RELATIONSHIPS BETWEEN BLOOD-SERUM VARIABLES AND DEPTH OF RUMP FAT IN ALASKAN MOOSE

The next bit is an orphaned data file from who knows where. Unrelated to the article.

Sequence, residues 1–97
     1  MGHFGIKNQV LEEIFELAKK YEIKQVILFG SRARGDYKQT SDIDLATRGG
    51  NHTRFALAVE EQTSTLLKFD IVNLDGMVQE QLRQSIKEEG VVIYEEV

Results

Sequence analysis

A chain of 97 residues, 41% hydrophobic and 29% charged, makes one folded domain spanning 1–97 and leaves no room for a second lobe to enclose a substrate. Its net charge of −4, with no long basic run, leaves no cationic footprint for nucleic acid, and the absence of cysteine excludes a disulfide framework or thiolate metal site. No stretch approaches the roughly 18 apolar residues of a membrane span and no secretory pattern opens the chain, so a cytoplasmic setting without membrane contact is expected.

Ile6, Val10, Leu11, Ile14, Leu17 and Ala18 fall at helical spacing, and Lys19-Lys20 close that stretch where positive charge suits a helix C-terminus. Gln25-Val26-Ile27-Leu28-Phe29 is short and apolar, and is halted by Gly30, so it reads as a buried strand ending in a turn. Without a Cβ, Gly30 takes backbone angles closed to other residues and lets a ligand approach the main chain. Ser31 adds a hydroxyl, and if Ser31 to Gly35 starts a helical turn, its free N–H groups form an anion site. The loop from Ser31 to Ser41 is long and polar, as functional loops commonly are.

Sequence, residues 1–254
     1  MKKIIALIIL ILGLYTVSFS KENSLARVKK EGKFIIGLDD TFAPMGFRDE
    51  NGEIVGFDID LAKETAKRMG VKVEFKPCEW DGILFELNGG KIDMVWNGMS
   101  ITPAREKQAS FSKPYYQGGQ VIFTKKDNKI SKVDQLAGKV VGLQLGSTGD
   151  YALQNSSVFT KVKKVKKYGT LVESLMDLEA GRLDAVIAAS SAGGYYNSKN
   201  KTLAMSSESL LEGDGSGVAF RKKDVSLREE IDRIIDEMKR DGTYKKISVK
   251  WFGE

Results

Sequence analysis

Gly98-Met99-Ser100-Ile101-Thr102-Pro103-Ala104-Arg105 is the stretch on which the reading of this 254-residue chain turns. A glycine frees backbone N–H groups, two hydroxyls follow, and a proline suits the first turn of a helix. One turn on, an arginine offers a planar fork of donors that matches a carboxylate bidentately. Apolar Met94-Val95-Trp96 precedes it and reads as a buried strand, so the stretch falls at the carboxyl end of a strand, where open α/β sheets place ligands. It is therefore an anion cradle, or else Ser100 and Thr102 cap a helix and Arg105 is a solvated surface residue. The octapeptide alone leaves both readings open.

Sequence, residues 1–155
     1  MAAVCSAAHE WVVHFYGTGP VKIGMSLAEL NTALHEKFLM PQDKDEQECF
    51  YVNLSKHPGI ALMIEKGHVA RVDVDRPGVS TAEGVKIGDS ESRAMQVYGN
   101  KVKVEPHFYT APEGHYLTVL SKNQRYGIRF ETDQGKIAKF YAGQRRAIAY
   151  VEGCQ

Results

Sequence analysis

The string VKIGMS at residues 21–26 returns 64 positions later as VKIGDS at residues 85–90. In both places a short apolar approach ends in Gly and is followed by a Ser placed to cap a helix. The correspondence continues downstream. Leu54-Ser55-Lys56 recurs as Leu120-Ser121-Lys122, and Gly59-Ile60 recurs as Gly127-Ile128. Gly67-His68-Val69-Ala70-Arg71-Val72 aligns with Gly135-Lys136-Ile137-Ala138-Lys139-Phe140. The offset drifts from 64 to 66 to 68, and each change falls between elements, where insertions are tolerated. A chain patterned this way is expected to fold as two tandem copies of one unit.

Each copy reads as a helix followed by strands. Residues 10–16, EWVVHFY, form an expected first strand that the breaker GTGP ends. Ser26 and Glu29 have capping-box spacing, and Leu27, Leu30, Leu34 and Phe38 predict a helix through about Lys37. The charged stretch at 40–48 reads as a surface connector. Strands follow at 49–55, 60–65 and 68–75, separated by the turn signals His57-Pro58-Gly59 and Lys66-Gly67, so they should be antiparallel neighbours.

We studied the relationship between maximum depth of rump fat determined from ultrasound measurements an 22 blood values for Alaskan moose (Alces alces gigas) by sampling 38 pregnant, adult females. Moose were immobilized, and blood was drawn simultaneously with the determination of depth of fat rump during 1-4 March 1996. Multiple-regression models were used to detect relationships between blood-serum variables and depth of fat. Four of 22 blood-serum variables were removed to control for multicollinearity. Remaining variables were regressed against induction time (X̄ = 6.1 min, SD = 4.4 min). Glucose, sodium, and blood urea nitrogen were correlated with induction time (R2a = 0.27, P = 0.010) and likely represented a response to handling; these blood values also were removed from the final regression model. Mallow’s Cp statistic indicated the most appropriate regression model included only 2 variables. Creatinine (X̄ = 2.08 mg/dl, SD = 0.26 mg/dl) and aspartate aminotransferase (AST) (X̄ = 79.10 U/l, SD = 13.61 U/l) met all necessary assumptions and explained a portion of the variability observed in fat depth. (X̄ = 1.5 cm, SD = 1.0 cm). Thus, our final model was: maximum depth of rump fat = 0.28 + 1.68(creatinine) - 0.03(AST). This model was significant (P = 0.0002) and accounted for 33.7% (R2) of variability observed in fat depth. Partial regression coefficients for creatinine and AST were 0.222 (P = 0.0025) and 0.0150 (P = 0.006), respectively, and indicated that creatinine was slightly more influential than AST in the model. These blood variables may provide insights into the predicted condition of moose and the response of moose to environmental conditions. A model using blood variables thought to be indicators of physical condition (protein, phosphorus, and calcium) did not explain significant variation in maximum depth of rump fat.
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